It takes resolute emergency action by a hostess to restore to the company an unfortunate guest who has been lost in this manner. I recommend a lightning shift in the conversation to a controversial subject, followed by a preemptory question directed at Mme X in a voice loud enough to cut across the hum of conversation. “Mme X, Mr Gildersleeve has just been giving me his views on the state of American business. Don’t you find him too, too pessimistic?” The fact that Mme X may have no interest in, or knowledge of, the condition of the US economy is immaterial. The immediate need is to restore her to the world of the living, and to summon her delinquent partner to his duty.
A good rule to follow at dinners is to alternate partners with each course. But one should not be too obvious about it. It is disconcerting suddenly to find a grimacing countenance turning in your direction, its robot-like action saying, in effect, “Here is the fish, and here am I!”
It is seldom necessary to make serious concessions in the menu, even for the most cosmopolitan gathering. In general it will be found that Americans eat less than Frenchmen and Britons; the French make a rite of the second helping, the British are accustomed to winding up a meal with savoury and port. Otherwise, good company, good food, good manners, and good intentions supply the hostess’s every need.
The idea that everything can be left to a good chef is one of life’s most dangerous illusions. All French chefs harbour a secret ambition to deluge the world with sauces of their own concoction; their inhibitions find release in a violent outpouring of sauces. Leave a French chef to cope with dinner alone, and the result will be a succession of masterpieces entirely obliterated under snowfields of various hues.Most Popular
Again, chefs are curiously colour-blind. Leave them to their own devices, and you may end up with an all-rose dinner – Crème Portugaise, Saumon Poché with Sauce Cardinal, Jambon with Sauce Hongroise, and Bombe Marie-Louise. Whenever I have a fair-sized dinner, I summon the chef three or four days in advance, and discuss my problem with him. He will usually produce two or three experimental menus, and I always have at least one of my own, for purposes of argument. The final menu will represent a combination of the chef’s ideas and mine.
Some system is essential. I keep a record of all my dinners – the guest lists, the menu itself, the seating arrangements, the table decor, which china and which silver were used. Anybody who entertains a lot runs the risk of falling into a rut. One inevitably forms attachment for certain menus and for certain combinations of friends. The hostess who relies upon memory alone may find herself repeating to friends precisely the same dinner she provided six months before.
Europeans dine much later than Americans – just why, I have never understood, unless it is through habit they take to the night better than we do. However, the custom appears to have practical physiological justification. By 8:45pm the stomachs of most European statesmen are usually ready to receive food, bankers and industrialists are as mellow as they are ever likely to be, and women over 40 begin to look their best.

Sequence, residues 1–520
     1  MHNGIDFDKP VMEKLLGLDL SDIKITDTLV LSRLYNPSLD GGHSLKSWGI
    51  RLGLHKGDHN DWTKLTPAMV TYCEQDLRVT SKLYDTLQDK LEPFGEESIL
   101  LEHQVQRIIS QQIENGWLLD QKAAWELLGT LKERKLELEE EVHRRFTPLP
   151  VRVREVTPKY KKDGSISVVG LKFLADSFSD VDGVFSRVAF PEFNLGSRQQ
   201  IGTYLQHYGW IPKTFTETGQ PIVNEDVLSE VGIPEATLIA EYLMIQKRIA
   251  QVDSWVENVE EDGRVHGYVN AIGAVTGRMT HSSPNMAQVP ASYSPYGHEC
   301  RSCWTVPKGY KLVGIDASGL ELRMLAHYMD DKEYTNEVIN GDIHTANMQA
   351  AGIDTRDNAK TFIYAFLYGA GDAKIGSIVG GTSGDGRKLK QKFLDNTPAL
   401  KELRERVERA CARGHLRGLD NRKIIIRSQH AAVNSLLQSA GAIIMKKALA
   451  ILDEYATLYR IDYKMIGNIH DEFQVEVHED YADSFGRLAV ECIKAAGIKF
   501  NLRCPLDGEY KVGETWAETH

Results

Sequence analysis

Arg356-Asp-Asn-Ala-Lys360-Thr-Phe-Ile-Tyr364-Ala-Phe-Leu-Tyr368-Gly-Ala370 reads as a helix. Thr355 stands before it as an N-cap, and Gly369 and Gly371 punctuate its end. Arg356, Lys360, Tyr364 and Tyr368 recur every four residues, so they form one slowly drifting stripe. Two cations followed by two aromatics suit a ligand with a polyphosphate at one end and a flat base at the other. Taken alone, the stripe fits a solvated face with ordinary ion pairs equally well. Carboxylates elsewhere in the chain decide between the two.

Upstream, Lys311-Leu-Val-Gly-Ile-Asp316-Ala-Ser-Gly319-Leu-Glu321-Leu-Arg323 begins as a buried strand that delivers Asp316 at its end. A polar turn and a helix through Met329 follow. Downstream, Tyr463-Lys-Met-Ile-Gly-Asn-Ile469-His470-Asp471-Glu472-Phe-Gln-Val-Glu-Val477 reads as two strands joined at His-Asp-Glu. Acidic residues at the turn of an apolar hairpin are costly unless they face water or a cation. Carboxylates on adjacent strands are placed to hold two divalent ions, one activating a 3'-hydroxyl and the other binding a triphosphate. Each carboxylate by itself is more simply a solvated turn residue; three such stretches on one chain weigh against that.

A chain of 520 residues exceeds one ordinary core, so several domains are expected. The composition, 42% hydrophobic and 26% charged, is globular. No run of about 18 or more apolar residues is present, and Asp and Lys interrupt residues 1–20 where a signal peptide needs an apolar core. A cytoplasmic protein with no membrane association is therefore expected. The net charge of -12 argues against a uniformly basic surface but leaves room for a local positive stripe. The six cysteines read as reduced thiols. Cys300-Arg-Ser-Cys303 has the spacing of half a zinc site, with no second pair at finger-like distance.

I observe, also, an interesting change in the habits of wine-drinkers. Americans especially are drinking more wine – it gives support to a meal. But there is a noticeable turning away from the European custom of a different wine with every course. The French traditionalists, to be sure, are still standing fast in what corresponds to a vinous Maginot Line. A dinner given in a French house today will confront an American with an array of wine glasses as dazzling in its complexity as the instrument compartment of the latest airplane. If I had my way, I would serve only a single wine throughout dinner – an Alsatian wine. And the British are content to drink nothing but champagne – their one release, no doubt, from austerity.
There is one European custom which American hostesses would be well advised to stop at the water’s edge – the male custom, observed most determinedly by Britons, of remaining behind in the dining room for coffee, brandy, cigars, and talk. There, in unbuttoned ease, with the brandy bottle passing cheerfully from hand to hand, the talk flowing, time passing unnoticed, the host and his companions swiftly achieve the illusion of complete absolvement from the social duties awaiting them, in the aspect of neglected wives and other female guests, behind the doors of the drawing room.
Seldom will a discouraged or defeated man ever issue from the dining room after 11pm. But I have observed that the world problems that are so cheerfully resolved in there before midnight are practically always lost in the conference room before noon the next day. No other practice, in my opinion, has been more responsible than this one for the never-ending war between the sexes.
My final observation is this: planning a party can be more fun than the party itself. And one rule is born into my brain: Don’t worry. It never happens.